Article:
Criticism of the Critic

The LA Times had an interesting piece on film criticism in their paper today. They let their film critics write about any regrets they’ve ever had about a film they reviewed.

I love film criticism. In a perfect world, I could see movies and write about them everyday (if it would pay the bills). But it is, in my opinion, one of the toughest jobs in writing because you put a part of yourself out there.

I took a reviewing class with Kenneth Turan while I was at USC. It was probably my favorite class of all. Since he is the best film critic at the Times, I expected Kenneth to be a man of intolerable ego, and harsh–well–criticism. What I found was a man confident in his craft, and kind with his teaching. I learned then that the people who are best at what they do don’t need to walk around with a puffed up chest or a thick set of armour.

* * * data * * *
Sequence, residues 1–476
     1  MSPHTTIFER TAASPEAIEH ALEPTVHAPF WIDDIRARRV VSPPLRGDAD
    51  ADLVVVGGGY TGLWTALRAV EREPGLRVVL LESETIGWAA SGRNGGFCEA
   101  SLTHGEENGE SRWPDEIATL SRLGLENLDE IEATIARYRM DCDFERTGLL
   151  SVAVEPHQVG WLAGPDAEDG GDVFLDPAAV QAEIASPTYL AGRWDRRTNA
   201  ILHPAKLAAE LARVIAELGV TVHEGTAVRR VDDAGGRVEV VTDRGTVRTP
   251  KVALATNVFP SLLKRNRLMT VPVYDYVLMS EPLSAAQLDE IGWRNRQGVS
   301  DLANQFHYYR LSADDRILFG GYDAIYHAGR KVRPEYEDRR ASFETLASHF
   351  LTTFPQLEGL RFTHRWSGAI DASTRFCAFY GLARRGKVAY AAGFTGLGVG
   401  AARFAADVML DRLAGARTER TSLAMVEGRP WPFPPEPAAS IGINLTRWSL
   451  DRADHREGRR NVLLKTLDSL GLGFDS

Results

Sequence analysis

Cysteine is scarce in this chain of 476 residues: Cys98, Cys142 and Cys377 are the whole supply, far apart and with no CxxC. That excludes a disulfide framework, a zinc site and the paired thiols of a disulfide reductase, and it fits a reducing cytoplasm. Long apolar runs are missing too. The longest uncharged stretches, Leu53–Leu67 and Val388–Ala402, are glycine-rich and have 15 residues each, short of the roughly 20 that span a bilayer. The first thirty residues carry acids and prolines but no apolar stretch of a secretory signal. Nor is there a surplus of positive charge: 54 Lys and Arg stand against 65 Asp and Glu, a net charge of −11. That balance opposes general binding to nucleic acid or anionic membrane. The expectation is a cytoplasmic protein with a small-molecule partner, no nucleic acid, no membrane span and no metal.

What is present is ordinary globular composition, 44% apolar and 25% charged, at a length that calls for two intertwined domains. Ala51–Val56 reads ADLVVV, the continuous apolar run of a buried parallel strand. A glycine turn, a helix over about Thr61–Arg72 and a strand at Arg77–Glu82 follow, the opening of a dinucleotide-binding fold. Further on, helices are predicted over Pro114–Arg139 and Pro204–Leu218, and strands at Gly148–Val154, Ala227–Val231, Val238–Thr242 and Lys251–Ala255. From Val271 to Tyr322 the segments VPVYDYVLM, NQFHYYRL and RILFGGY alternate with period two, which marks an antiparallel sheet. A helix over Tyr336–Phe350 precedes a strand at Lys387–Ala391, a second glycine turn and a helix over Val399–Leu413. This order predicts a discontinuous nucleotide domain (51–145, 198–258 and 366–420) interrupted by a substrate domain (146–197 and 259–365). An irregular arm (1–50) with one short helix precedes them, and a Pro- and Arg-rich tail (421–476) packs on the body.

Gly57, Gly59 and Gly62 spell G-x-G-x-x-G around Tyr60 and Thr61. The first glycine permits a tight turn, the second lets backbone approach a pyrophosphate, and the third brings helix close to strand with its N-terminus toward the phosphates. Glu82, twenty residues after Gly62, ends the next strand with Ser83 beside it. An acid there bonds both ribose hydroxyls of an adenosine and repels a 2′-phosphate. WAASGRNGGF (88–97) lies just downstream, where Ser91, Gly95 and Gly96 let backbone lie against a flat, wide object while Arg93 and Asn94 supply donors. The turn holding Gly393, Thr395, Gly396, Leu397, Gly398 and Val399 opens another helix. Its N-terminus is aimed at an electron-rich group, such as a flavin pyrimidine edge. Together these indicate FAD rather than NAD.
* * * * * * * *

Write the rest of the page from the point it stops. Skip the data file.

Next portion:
His article today really makes clear the point and process of criticism. There should be no regret if you are true to your own feelings. Here’s a bit of his article. Find the whole piece here.

“To pretend either to like it or that I didn’t really have an opinion, to pretend in effect that I was someone else to save face and be one of the gang, was simply unacceptable. Criticism is a lonely job, and in the final analysis, either you’re a gang of one or you’re nothing at all.”

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